Posted by: geolocke | 2017/03/31

Sacred Clay

This past Sunday’s Gospel (John 9: 1-41) was about the man born blind who Jesus healed on the Sabbath. It is one of the longer readings in the Church’s Liturgical Cycle with most of the focus being upon the “blindness” of the Scribes and Pharisees when they question the man born blind after Jesus heals him.

It’s been my experience that their blindness is the focus of most homilies based upon this Gospel, but I find something more intriguing to center my prayer upon in the details of this man and his healing.

The method by which Jesus heals him is to spit on the ground, and with his saliva, make clay and then smears it upon the blind man’s eyes, telling him to go wash it off in the pool called “Siloam” (sent). The man goes and washes and he is healed and can see.

To me, this harkens back to the second creation story in Genesis where God forms man out of the Clay of the earth and breathes His Spirit into him to give him life.  In John’s Gospel, Jesus states that the man’s blindness is not due to Sin, but is so “the works of God can be made visible through him.”

For me, the message I pray upon is the thought that the healing of this man is in a sense a kind of “final act” of his creation, like an artist putting the final touches of paint on a painting.  I also pray about how the man born blind does not have a name, although it is clear from the Gospel that everyone knew who he was. Yet even his parents when they were questioned refused to use his name.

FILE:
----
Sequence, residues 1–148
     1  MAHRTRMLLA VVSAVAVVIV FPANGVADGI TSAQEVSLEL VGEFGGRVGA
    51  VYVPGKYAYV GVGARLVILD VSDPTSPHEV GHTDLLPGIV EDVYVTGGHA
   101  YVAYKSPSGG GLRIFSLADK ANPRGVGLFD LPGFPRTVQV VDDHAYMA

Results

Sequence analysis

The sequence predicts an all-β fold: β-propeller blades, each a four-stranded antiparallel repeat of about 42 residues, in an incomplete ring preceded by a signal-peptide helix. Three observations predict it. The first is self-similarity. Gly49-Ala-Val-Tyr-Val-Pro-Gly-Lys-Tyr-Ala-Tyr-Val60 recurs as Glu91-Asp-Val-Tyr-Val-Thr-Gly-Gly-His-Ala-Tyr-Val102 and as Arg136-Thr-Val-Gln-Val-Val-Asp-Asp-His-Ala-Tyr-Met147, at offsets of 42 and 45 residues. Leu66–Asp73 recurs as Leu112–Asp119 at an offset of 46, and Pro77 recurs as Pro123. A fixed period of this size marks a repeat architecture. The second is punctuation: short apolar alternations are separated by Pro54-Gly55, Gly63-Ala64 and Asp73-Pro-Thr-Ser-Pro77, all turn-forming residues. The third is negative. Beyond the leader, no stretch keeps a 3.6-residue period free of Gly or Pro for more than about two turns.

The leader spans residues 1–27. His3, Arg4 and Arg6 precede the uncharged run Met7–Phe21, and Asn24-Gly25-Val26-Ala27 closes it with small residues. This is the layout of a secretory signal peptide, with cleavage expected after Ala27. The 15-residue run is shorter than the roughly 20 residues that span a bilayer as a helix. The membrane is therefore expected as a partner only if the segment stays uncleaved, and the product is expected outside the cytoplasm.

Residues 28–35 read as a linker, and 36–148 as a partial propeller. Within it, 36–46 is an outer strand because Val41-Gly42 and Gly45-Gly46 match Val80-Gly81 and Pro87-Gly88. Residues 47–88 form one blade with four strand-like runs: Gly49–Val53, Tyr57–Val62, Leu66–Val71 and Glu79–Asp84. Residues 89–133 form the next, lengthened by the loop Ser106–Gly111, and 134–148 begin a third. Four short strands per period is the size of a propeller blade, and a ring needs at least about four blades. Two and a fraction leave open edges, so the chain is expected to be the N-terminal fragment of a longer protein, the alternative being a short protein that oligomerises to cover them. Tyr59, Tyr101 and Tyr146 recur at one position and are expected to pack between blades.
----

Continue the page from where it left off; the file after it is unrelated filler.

This illustrates to me that he was not only made whole and complete by his healing, but also was made anew and was awaiting his new name. This harkens to Jesus’ later statement “Behold, I make all things new.”

Those thoughts comfort me and give me hope as I pick up the dirt and clay of this earth in my daily life. That God can use the dirt in my life to repair or replace what is missing in my life, molding me into that which he intends me to become, and that once completed, washing clean all that is no longer needed and I will emerge a new person.

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Responses

  1. Amazing insight!

    Sent from my iPhone

    >

    Like


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